Lutheran theologian Ted Peters is the author of the sixth and last of the generally hostile articles on transhumanism in the June 2008 issue of The Global Spiral . Despite my own rather anti-religious bias, I actually consider this the best of the six articles. Peters bases many of his claims on theological concepts, but similar claims could have been based on purely secular considerations. He does, however, fall into the usual trap of conflating the transhumanist movement with certain specific ideas that are controversial within the movement, such as proposals for personality uploading and a particular view of inevitable evolutionary and technological progress.
Peters helpfully spells out his general position in a way that is refreshingly clear after the almost-impenetrable style of Jean-Pierre Dupuy's article in the same issue. Here is Peters:
My thesis is this: transhumanist assumptions regarding progress are naive, because they fail to operate with an anthropology that is realistic regarding the human proclivity to turn good into evil. It is my own view that researchers in the relevant fields of genetics and nanotechnology should proceed toward developing new and enhancing technologies, to be sure; but they should maintain constant watchfulness for ways in which these technologies can become perverted and bent toward destructive purposes.
The two long (but, as I said, clear) sentences here merit consideration. The first may well be true of some transhumanists (though, as usual in these articles, it would be helpful if Peters had put it that way rather than in a way that slanders an entire cultural movement). You don't need to think in terms of theological notions of evil and sin to realise that new technologies can be used in dangerous and even malevolent ways, as well as in beneficial one. Most transhumanists are painfully aware of this, but perhaps some do have an overly optimistic view of technology that stands diametrically to opposed to that of contemporary Luddites; i.e. the former are blind to the evils of technology while the latter are blind to the good. While Peters could have been more careful and conciliatory in his wording, the note of caution in this sentence is not itself unwelcome.
What about the second sentence? Peters says: It is my own view that researchers in the relevant fields of genetics and nanotechnology should proceed toward developing new and enhancing technologies, to be sure; but they should maintain constant watchfulness for ways in which these technologies can become perverted and bent toward destructive purposes. It appears to me that this is a perfectly sensible view. It is, indeed, my own view, and I'm sure that most sophisticated transhumanists share it. As I've said so often, with apologies to William Gibson, the street finds its own uses for things. We can't be sure in advance what uses new technologies will put to, and we mustn't proceed on the insouciant assumption that we do know. Pragmatically speaking - not as some kind of law of nature - we are likely to be surprised at how any particular technology ends up being used (of course, doomsayers about new technologies should also keep this in mind before they run off trying to prohibit this and that because it just might be used in such and such a nasty way).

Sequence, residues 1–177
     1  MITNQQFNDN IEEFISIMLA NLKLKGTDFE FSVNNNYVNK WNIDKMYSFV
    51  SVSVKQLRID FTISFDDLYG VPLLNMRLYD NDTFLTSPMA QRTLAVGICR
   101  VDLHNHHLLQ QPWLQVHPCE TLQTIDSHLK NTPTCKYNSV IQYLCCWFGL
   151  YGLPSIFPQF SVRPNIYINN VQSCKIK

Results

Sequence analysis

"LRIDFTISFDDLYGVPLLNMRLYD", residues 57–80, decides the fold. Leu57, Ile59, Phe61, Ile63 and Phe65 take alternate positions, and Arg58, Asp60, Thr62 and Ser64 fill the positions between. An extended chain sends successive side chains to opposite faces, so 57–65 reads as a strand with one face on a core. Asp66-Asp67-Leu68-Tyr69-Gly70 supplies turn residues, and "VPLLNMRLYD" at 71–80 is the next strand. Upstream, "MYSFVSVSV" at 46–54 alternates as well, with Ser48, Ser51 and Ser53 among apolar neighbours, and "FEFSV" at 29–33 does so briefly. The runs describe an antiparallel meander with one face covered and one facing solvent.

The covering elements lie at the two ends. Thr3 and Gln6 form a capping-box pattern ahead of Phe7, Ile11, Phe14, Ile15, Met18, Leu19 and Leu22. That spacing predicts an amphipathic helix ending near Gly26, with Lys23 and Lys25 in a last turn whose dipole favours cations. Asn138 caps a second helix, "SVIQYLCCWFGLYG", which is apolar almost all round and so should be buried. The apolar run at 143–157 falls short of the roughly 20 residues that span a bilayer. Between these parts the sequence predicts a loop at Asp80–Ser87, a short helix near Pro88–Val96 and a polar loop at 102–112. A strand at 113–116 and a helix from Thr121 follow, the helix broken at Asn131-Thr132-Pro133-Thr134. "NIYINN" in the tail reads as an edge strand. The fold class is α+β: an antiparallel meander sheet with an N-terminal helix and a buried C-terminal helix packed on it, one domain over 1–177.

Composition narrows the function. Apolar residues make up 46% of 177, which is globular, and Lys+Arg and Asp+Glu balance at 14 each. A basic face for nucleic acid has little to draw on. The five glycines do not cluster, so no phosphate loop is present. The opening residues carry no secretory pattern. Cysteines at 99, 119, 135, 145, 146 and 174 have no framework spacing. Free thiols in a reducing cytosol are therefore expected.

In a sense, that's all that needs saying: the general position advanced by Peters is one that could be advanced within the transhumanist movement, so it can't be a critique of the transhumanist movement.
But there's a little bit more that's worth adding. I can't refrain from commenting on Peters' account of the relationship between transhumanism and theology. He takes transhumanists to task for assuming "that religion will attempt to place roadblocks in their way on the grounds that the religious mind is old fashioned, out of date, Luddite, and dedicated to resisting change." He insists that Christian and "even" Jewish theology are dedicated to the new. "If a theologian would become critical of a transhumanist, it would not be in defense of what has been. Rather, it would be because of a naiveté in thinking that we could accomplish with technology a transformation that can be achieved only by the eschatological act of a gracious and loving God."
With all respect to Peters, with whom I'm in agreement about much, this seems rather disingenuous. It doubtless conveys his own theogical position accurately, and I'm prepared to accept for the sake of the argument that it's even the "correct" position. Obviously, theology is itself a complex discipline within which many views are advanced and contested. However, it's also true that there has been an enormous amount of theologically-based resistance to emerging technologies and their applications, and even the supposedly secular arguments that are so often run (e.g. those of Michael Sandel with his talk about life as a gift) actually make little sense outside of a framework of theological assumptions. To concede, as I do, that some theological positions are compatible with an embrace of emerging technologies does not entail a denial that much of the actual, real-world opposition has been theologically motivated, often motivated by lurking ideas of the sanctity or inviolability of life, the world, or the human genome as "given" to us.
Like Kathryn Hayles, Peters should embrace transhumanism and declare himself an ally rather than an opponent. His actual political position on enhancement technologies is one that a sophisticated and realistic transhumanist could share. He needn't self-identify as a transhumanist, if the t-word word carries too much baggage for him - if it has too many connotations of specific ideas that he really does oppose. But he could certainly adopt a stance in relation to the transhumanist movement as a whole of being a friend - and a friendly critic where he feels he must criticise particular people or ideas.